A new phishing-as-a-service (PhaaS or PaaS) platform named Greatness has been leveraged by cybercriminals to target business users of the Microsoft 365 cloud service since at least mid-2022, effectively lowering the bar to entry for phishing attacks.
“Greatness, for now, is only focused on Microsoft 365 phishing pages, providing its affiliates with an attachment and link builder that creates highly convincing decoy and login pages,” Cisco Talos researcher Tiago Pereira said.
“It contains features such as having the victim’s email address pre-filled and displaying their appropriate company logo and background image, extracted from the target organization’s real Microsoft 365 login page.”
Campaigns involving Greatness have mainly manufacturing, health care, and technology entities located in the U.S., the U.K., Australia, South Africa, and Canada, with a spike in activity detected in December 2022 and March 2023.
Phishing kits like Greatness offer threat actors, rookies or otherwise, a cost-effective and scalable one-stop shop, making it possible to design convincing login pages associated with various online services and bypass two-factor authentication (2FA) protections.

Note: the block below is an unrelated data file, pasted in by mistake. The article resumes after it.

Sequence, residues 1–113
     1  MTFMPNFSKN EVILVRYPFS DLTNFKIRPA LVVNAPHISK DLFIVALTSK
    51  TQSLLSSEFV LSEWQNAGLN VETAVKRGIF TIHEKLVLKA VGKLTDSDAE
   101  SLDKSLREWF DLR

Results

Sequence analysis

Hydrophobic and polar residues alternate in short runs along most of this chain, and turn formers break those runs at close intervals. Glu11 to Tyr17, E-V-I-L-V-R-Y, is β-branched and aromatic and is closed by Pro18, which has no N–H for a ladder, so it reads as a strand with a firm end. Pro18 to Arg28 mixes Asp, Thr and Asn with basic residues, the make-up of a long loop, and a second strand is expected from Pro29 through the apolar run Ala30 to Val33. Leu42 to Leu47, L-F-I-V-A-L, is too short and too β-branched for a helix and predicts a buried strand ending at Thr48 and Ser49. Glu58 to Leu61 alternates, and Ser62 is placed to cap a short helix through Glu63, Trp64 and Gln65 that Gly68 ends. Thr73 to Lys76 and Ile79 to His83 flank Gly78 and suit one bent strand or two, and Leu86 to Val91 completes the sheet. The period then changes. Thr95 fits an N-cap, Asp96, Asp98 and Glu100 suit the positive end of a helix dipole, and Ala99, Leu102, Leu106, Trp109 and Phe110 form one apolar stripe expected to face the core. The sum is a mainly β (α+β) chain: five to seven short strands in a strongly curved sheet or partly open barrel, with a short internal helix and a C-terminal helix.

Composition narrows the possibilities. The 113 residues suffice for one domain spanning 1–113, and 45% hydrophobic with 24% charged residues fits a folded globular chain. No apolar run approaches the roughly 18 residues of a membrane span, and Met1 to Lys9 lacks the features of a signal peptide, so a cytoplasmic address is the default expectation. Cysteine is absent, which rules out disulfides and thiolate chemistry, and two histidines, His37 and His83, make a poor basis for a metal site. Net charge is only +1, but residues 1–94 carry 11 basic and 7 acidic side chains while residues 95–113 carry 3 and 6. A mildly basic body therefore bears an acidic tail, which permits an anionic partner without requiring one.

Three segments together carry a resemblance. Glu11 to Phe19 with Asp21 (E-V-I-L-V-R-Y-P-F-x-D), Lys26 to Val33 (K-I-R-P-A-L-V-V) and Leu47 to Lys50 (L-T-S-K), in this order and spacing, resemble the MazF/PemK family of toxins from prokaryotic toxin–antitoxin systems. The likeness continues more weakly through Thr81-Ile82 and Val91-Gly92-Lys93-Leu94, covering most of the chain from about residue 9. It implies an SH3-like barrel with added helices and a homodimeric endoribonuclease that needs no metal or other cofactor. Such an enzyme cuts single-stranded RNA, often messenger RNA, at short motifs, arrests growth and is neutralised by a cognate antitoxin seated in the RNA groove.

Specifically, the authentic-looking decoy pages function as a reverse proxy to harvest credentials and time-based one-time passwords (TOTPs) entered by the victims.
The entered credentials and tokens are subsequently forwarded to the affiliate’s Telegram channel for obtaining unauthorized access to the accounts in question.
The AiTM phishing kit also comes with an administration panel that enables the affiliate to configure the Telegram bot, keep track of stolen information, and even build booby-trapped attachments or links.
What’s more, each affiliate is expected to have a valid API key in order to be able to load the phishing page. The API key also prevents unwanted IP addresses from viewing the phishing page and facilitates behind-the-scenes communication with the actual Microsoft 365 login page by posing as the victim.
“Working together, the phishing kit and the API perform a ‘man-in-the-middle’ attack, requesting information from the victim that the API will then submit to the legitimate login page in real time,” Pereira said.
“This allows the PaaS affiliate to steal usernames and passwords, along with the authenticated session cookies if the victim uses MFA.”